With its signed statement, the Minnesota Rabbinical Association adds to the spirited debate in advance of the November vote.
Dozens of Minnesota rabbis have gone on record opposing the proposed marriage amendment, urging "all Minnesotans of conscience and faith" to vote against the change to the state constitution that would define marriage as a union between a man and woman.
The Minnesota Rabbinical Association, made up of 35 rabbis and 15 synagogues and groups representing the majority of the state's Jewish population, announced Monday they had signed the statement that was adopted on Jan. 18. Orthodox rabbis did not sign it.
The statement is the latest indication of the intense debate ahead of the vote on the marriage amendment in November.
The rabbis' statement says the amendment "seeks to continue the practice of leaving individual families within the LGBT community vulnerable and unprotected by the law. To honor an individual is to fight against discrimination in society for any reason, including race, religion, natural origin, gender, age or sexual orientation.
"Throughout history the Jewish community has faced discrimination, and therefore we will not stand by while others are targeted."
The Jewish group joins with some other Protestant groups in opposition, showing how divisive the amendment will be in faith communities. Minnesota's Catholic bishops and conservative-leaning faith groups support the amendment's passage.
'An enormous moment'
Rabbi Lynn Liberman, director of congregational learning at Beth Jacob congregation in Mendota Heights and a chairwoman of the Minnesota Rabbinical Association, said the group's statement is out of the ordinary because it has the support of rabbis embracing almost all major movements of Judaism.
"This is really an enormous moment for this body of rabbis to come together on this," Liberman said. "It's not easy to get religious leaders sometimes to come together around an issue ... with a clear and supported statement we all agree to."
The group began discussing the marriage amendment over the summer and decided now was the best time to release its statement, particularly in light of what Catholic bishops have said in support of it, Liberman said.
"We felt it was paramount to be a different voice, what we felt was the right voice," she said. "We're one of the first religious bodies to make such a statement in a positive way."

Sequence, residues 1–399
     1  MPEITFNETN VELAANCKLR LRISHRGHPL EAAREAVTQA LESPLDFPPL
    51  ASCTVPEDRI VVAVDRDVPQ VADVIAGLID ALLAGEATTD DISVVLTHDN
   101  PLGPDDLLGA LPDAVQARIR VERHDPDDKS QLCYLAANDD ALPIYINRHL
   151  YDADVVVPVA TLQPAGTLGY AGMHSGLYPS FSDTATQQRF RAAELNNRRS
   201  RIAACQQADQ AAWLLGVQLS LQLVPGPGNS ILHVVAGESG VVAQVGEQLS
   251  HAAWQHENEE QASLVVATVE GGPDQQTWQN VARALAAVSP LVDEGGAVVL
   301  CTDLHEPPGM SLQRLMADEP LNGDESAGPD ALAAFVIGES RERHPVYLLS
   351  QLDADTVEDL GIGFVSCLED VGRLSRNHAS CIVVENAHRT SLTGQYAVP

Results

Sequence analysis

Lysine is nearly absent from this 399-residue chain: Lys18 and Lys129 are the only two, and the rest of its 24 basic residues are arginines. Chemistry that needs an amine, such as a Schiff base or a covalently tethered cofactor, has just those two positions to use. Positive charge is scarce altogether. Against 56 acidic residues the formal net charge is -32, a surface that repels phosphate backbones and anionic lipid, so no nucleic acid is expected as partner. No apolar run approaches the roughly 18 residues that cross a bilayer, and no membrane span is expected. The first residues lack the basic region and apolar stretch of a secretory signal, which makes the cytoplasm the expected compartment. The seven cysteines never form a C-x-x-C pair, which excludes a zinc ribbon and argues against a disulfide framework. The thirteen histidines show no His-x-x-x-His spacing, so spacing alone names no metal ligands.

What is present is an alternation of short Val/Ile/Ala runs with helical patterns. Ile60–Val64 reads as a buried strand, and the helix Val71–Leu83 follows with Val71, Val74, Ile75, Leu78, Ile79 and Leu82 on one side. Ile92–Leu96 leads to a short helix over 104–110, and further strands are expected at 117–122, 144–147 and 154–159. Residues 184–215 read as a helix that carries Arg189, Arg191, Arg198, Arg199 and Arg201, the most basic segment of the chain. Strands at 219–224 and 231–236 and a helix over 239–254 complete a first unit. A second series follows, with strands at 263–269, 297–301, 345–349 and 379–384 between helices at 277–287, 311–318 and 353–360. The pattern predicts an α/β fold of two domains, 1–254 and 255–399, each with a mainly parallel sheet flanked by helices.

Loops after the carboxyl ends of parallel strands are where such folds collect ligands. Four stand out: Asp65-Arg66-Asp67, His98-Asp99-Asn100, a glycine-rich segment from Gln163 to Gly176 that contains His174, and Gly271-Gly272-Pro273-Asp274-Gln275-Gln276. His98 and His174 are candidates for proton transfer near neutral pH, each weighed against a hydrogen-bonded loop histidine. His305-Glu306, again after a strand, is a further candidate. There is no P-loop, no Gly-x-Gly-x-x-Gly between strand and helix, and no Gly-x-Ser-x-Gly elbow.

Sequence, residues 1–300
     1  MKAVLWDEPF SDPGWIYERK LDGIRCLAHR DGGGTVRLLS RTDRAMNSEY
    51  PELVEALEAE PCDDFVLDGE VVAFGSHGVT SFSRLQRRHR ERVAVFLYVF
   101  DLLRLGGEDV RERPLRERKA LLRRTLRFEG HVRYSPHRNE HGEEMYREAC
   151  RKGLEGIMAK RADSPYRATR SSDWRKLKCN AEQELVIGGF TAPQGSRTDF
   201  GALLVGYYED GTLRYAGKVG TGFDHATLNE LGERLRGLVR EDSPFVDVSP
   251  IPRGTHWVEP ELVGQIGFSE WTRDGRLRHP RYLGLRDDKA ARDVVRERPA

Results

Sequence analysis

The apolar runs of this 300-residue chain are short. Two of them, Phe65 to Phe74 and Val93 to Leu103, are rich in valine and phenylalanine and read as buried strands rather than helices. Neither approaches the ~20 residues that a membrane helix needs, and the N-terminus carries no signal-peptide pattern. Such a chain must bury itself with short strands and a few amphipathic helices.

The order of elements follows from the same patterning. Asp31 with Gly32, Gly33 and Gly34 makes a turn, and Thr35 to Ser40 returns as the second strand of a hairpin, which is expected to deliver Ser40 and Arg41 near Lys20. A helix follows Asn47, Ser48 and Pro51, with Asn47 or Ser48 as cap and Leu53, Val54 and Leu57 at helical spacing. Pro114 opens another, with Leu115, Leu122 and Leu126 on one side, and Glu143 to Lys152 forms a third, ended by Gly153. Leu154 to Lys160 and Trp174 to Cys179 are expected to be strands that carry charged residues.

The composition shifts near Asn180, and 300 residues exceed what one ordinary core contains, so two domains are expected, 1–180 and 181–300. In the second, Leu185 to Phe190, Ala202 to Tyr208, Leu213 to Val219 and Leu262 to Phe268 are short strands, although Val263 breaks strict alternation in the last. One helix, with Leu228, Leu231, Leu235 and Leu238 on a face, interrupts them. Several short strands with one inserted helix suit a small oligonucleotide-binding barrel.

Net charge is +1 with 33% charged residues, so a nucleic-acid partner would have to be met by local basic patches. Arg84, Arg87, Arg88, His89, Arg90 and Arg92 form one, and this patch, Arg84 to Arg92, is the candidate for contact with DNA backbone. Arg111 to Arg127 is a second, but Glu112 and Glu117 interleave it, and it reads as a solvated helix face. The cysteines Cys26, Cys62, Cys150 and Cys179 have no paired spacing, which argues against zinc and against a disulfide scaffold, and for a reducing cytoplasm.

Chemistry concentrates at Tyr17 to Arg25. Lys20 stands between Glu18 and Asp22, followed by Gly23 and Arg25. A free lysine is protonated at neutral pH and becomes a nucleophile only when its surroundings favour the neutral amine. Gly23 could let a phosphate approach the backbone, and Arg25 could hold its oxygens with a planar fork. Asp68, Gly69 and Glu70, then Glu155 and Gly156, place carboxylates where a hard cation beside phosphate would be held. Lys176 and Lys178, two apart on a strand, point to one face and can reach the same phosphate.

Minnesota's Catholic bishops have been among the most vocal supporters of the amendment, chief among them Twin Cities Archbishop John Nienstedt, who warned clergy there should be no "open dissension" of the church's backing of the amendment. Nienstedt has also directed parishes to form committees to work for passage of the amendment and wants Catholics to recite a special "marriage prayer" during masses.
'Welcome to their opinion'
Jason Adkins, executive director of the Minnesota Catholic Conference, defends the church's campaign.
"The rabbinical association and all people of faith are welcome to express their opinion in this important debate," Adkins said in an e-mail statement. "That is why those proposing the amendment put it on the ballot, so that all Minnesotans, and not just a few judges or politicians, can have their voice heard."
While dozens of individual houses of worship and religious-affiliated groups have weighed in on the marriage amendment -- both for and against it -- few institutions or denominations have done so.
One of the more recent examples involves the Episcopal Church in Minnesota, which passed a resolution in October at its annual convention opposing the marriage amendment. There are about 22,000 Episcopalians in Minnesota.
Minnesota for Marriage, a coalition of groups including Minnesota's Catholic bishops, formed in an effort to get the marriage amendment approved. It recently reported that it raised $830,000 and recruited over 10,000 volunteers in 2011. The lead group in the effort to defeat the proposal, Minnesotans United for All Families, reported it raised $1.2 million in 2011 from more than 5,100 donors.
While the rabbis signing onto the Minnesota Rabbinical Association's statement represent the majority of the state's Jewish population of nearly 42,000, the statement doesn't include Orthodox rabbis.
"By definition an Orthodox Jewish congregation is in favor of defining marriage as the relationship of a man to a woman," said Rabbi Chaim Goldberger, with Kenesseth Israel Orthodox congregation in St. Louis Park. Goldberger estimates there are about 500 to 1,000 Orthodox Jewish families in Minnesota. He adds that his congregation doesn't plan to release statements in favor of the amendment, nor does he plan to address it during services.
"Our feeling is individuals need to vote their conscience and should vote as they see fit."
Rose French • 612-673-4352